Frank Eliason and I have known each other for many years. We’ve shared the stage on many occasions, he’s made an appearance on Revolution, and most importantly, I’m proud to call him a personal friend. Frank has championed the adaption and transformation of customer service during his time at Comcast and at CITI. Never one to shy away from sharing his opinions, he’s certainly bullish on where service needs to be as a function and a philosophy versus where it is today. In fact, he’s gone so far as to call out social media customer service as being a “failure” in its current state.
Guest post by Danna Vetter, VP, Consumer Strategies, ARAMARK
People laughed when we began talking about putting resources towards building a social structure for a company like ARAMARK. We heard it all:
The standard -
“We can’t open ourselves up to this kind of risk.”
The mean -
“You’re just trying to manipulate company perception.”
The ridiculous –
“No one wants to read tweets about hot dogs.”
The headline calls attention to everything that’s wrong with how businesses measure engagement in social media today. Businesses that invest any level of marketing resources in networks such as Facebook, Twitter, Google+ and the like (get it?) are being groomed to focus on soft metrics instead of the relevant activity that signals the strength and worth of a community. By weighing conversations, interactions, and views, businesses are fed raw numbers that demonstrate KPIs but they do not offer the insights necessary to glean ROI or deep understanding of what people do and do not want, need, or value. And that’s part of the problem as marketers and developers are focusing on stimulating movement, which by default becomes a game of competing for attention, moment by moment.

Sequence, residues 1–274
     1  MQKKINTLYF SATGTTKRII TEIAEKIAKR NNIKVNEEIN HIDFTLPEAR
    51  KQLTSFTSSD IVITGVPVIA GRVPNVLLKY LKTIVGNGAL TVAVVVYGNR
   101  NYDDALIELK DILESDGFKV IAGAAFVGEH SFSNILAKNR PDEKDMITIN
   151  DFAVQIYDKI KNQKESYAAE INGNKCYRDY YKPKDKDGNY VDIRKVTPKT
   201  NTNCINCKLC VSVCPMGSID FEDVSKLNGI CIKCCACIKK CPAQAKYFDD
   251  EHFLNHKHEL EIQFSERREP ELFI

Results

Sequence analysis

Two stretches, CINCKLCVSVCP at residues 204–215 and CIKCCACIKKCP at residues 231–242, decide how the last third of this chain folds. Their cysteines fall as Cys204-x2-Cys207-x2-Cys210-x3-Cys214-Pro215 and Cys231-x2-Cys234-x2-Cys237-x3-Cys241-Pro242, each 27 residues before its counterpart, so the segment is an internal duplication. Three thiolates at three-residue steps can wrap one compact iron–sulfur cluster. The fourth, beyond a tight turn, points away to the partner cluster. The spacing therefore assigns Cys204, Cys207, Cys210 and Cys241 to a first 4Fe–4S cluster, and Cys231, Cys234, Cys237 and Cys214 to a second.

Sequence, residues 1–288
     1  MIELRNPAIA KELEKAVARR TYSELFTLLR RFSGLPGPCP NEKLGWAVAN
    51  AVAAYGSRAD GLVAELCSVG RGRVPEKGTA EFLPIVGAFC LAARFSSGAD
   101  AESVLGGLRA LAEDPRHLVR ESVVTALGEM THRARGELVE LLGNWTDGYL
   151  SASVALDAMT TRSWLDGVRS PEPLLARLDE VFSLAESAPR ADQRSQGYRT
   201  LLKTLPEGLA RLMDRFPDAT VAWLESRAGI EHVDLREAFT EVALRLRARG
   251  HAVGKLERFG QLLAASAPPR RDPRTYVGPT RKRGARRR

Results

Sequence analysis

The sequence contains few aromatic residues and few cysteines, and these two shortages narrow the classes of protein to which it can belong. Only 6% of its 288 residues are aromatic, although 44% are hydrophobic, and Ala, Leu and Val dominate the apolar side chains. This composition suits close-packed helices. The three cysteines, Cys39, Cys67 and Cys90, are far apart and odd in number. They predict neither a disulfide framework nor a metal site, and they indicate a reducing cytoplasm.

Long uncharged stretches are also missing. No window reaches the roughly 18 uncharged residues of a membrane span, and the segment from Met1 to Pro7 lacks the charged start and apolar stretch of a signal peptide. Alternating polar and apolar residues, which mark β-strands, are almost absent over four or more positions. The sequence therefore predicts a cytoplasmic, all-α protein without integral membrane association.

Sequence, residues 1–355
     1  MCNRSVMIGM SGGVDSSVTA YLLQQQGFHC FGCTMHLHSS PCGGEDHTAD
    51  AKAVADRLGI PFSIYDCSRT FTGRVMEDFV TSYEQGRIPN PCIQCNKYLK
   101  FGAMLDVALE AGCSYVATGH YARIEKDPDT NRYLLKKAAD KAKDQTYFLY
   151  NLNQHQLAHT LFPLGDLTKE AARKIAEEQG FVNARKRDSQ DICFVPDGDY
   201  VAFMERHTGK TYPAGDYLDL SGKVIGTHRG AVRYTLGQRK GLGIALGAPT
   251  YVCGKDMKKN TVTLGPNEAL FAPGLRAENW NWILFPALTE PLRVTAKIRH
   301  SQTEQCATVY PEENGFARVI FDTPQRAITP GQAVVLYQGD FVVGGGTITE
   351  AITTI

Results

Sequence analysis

I recently had the privilege of presenting at the GDOL Digital Talkfest in Istanbul. The focus of the event was very much in line with my current work. GDOL tracks the new generation of consumers who do everything online and the impact they now have on popular culture, society and ultimately business. I refer to this generation as Generation-C.
The digital landscape continues to undergo a significant shift that will have profound effects on business this year. The challenge is that hardly any business leaders noticed. That’s not their fault however. Even through the impact of technology on business and consumer behavior was widely reported, in depth reports on what to do next or how this will affect their business specifically were scant at best.
Disruptive technology is the bearer of tremendous opportunity and equally a harbinger of obsolescence. Technology’s impact on society and business is substantial, if not underestimated. As technology continues to become part of everyday life, it becomes disruptive in how people communicate, work, and connect. The evolution of society and technology happens with or without adaptation or understanding. And, it’s contributing to a very real phenomenon of Digital Darwinism, a situation where organizations are faced with a need to adapt to markets and customer behavior or risk a loss in favor, competitive advantage or worse, irrelevance.